Improvement in translation work and their processes can have an important impact as it affects other funded research projects and those that are being proposed. Furthermore, existing measures (eg, ASL-NVS) will be shared with other investigators interested in working with this population. We hope that the measures can be incorporated into community and clinical surveillance to help them manage their own health and determine how health information may or may not be reaching these individuals. Research with these communities are highly underfunded. This project provides an example of feasible research with the Deaf community. In addition, little is known about the predictors of health literacy in Deaf populations and how this affects their ability to use Web-based health information. This is key because of their social and information marginalization and their documented risk for inadequate health literacy. Web-based health information, if accessible, can provide a strategic approach to address the community’s health knowledge gaps.

    The results of this mixed methods proposal will significantly advance what is known about health literacy and health information accessibility for the Deaf population. This innovative study will generate rich data on how to formulate health information and health literacy interventions more accurately to take advantage of visual learning skills. The study results will be provided once data collection is complete (anticipated in 2020). Once finalized, findings will be used to develop a white paper on how to structure Web-based health information in a way that maximizes accessibility and comprehension for Deaf individuals and also includes strategies that adhere to universal health literacy precautions because of the Deaf population’s documented risk of inadequate health literacy.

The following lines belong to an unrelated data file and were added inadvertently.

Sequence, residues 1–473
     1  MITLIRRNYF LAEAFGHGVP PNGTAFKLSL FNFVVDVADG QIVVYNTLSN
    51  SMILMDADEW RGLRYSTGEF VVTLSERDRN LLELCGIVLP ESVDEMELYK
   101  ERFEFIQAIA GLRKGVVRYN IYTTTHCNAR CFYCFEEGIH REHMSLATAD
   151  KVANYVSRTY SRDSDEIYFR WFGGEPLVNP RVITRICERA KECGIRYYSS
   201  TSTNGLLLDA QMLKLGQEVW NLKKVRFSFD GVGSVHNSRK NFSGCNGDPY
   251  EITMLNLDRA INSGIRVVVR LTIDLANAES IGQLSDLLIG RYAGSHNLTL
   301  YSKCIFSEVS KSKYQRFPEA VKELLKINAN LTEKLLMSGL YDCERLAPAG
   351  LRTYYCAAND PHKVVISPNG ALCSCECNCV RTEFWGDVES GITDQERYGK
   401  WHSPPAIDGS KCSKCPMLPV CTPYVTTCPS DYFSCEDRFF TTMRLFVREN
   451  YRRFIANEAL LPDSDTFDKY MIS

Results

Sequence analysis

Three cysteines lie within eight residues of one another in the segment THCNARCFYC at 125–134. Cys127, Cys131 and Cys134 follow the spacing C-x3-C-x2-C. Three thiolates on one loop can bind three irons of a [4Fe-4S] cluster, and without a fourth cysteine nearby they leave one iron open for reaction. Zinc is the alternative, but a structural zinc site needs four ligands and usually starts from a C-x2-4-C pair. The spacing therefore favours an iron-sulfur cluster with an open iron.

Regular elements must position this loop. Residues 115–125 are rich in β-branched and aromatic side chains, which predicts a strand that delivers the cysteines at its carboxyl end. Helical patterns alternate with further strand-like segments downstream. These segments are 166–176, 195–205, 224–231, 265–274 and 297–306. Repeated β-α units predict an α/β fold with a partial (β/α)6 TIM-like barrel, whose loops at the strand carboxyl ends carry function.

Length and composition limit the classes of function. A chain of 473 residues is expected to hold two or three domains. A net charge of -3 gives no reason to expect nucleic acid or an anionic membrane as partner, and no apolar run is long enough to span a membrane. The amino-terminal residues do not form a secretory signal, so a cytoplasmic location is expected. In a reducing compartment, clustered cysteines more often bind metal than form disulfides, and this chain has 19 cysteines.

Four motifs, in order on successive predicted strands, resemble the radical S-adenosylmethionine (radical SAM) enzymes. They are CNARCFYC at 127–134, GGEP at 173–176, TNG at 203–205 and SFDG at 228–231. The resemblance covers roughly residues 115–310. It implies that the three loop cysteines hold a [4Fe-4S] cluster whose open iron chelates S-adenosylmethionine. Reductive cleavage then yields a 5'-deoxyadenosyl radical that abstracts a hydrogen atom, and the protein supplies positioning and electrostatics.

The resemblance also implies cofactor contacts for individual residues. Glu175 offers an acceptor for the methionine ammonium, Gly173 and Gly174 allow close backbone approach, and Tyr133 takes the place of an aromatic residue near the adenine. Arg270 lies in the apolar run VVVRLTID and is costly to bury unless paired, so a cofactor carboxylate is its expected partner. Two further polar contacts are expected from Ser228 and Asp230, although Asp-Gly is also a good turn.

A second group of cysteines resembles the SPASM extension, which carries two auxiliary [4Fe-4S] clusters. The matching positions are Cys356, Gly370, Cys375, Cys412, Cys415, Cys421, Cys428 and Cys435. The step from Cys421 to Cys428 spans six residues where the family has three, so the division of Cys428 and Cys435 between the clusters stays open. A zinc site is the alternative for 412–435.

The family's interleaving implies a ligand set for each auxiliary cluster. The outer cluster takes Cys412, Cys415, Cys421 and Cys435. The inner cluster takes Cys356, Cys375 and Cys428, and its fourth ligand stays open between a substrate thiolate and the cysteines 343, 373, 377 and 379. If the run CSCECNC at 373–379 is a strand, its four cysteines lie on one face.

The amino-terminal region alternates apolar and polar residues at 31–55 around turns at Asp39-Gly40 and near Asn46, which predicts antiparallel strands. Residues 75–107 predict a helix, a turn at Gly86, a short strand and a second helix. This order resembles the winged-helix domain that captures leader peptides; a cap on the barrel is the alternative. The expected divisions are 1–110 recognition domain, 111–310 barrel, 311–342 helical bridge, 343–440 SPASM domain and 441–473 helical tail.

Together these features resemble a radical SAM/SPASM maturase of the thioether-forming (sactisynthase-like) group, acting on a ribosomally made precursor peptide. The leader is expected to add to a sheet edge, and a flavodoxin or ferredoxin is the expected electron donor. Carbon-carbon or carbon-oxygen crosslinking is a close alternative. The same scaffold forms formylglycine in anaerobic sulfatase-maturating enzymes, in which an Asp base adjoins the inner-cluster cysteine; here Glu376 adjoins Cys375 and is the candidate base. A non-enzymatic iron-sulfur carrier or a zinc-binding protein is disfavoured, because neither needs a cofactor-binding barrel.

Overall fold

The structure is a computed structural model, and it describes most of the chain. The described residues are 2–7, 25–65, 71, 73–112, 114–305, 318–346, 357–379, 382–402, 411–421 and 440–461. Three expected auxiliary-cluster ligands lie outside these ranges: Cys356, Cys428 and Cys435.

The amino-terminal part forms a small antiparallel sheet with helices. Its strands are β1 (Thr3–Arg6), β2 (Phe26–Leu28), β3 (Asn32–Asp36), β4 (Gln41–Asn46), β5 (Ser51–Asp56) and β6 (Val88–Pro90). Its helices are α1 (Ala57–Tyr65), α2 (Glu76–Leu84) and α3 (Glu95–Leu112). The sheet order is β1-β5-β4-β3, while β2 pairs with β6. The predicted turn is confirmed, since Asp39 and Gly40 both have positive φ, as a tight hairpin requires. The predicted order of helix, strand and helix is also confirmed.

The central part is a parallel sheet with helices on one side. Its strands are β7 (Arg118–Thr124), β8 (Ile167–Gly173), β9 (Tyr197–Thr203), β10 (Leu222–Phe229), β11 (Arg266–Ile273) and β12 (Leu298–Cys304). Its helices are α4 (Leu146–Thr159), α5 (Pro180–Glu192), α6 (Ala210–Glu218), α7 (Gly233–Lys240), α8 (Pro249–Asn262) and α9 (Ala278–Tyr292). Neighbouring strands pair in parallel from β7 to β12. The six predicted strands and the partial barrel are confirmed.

Timeline and Challenges